Kansas City officials have issued the long awaited call for proposals to redevelop the underused Kemper Arena.
Developers have until the end of the day Aug. 21 to submit viable proposals. Reading the small print, it’s clear that redevelopment proposals could include demolition of the vintage 1970s arena: “Proposals will be accepted for either the reuse or redevelopment of the site and/or facility or any combination thereof.”
The request for proposals followed a drawn-out civic battle over the fate of the city-owned facility, which began when the American Royal Association asked the city to demolish the arena and replace it with a smaller, mixed-use facility, heavily financed by public dollars.
The newly issued document sets out a commendable mission, aiming to improve Kemper’s connection with the nearby West Bottoms district, the Kansas River and downtown areas in both Kansas Citys.
The city’s vision statement suggests a successful plan would redevelop “the Kemper Arena site as a catalyst or in conjunction with broader redevelopment opportunities within the area” and honors “the historic and economic significance of the City's agricultural roots, development of the stockyards, access to the river, but looks to the future economic opportunities of these industries in terms of real estate development, technology, and commerce.”
Proposed projects would be evaluated based on how well they support “existing business and community activities in the area,” and several other specific criteria. One states that a project cannot duplicate or compete with event offerings at the Sprint Arena, whose opening as a catalyst for downtown development in 2007 led to Kemper’s demise. A new developer and ultimate owner of the Kemper must also be mindful of the city’s long-term lease with the American Royal for use of the adjacent American Royal Complex and limited event days at Kemper.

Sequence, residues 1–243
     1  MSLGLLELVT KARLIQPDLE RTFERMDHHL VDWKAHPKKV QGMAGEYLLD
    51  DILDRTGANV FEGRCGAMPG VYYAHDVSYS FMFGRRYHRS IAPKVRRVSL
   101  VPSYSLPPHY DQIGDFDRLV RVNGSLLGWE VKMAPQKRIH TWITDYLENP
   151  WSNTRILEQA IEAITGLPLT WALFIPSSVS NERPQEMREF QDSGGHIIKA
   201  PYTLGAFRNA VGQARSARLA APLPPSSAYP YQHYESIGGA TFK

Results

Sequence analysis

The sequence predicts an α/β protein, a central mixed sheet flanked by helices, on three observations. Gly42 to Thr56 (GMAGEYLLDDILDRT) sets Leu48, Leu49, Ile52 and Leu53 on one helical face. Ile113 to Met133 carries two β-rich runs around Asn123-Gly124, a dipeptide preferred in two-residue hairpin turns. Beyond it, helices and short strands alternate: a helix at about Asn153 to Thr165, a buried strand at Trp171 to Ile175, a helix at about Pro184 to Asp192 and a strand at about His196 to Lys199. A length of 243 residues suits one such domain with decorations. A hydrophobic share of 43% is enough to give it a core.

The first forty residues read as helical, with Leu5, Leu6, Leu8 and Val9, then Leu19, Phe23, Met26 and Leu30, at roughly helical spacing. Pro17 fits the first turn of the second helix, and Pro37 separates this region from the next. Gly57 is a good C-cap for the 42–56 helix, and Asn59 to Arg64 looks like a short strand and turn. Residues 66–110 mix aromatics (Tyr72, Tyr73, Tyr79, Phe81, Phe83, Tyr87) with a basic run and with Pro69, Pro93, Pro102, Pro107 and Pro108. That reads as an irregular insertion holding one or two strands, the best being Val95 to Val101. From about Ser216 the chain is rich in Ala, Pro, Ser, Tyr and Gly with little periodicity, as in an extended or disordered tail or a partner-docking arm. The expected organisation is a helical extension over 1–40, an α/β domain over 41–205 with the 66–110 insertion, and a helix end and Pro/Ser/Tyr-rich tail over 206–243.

The American Royal announced recently that it would move its annual, weekend-long World Series of Barbecue to the Truman Sports Complex this year, freeing up the Kemper parking lots and surrounding land for year round.
It’s quite possible that nothing reasonable will emerge.
But ideally a deep-pocketed visionary -- or a group of them -- will find a way to repurpose the landmark building while also helping to accelerate the urban revival already underway in the West Bottoms. New apartment buildings and rehabs are under construction or in certain stages of pre-development nearby. A catalyst project would seal the district’s fate and perhaps bring new life to the banks of the Kaw River just to the west of Kemper.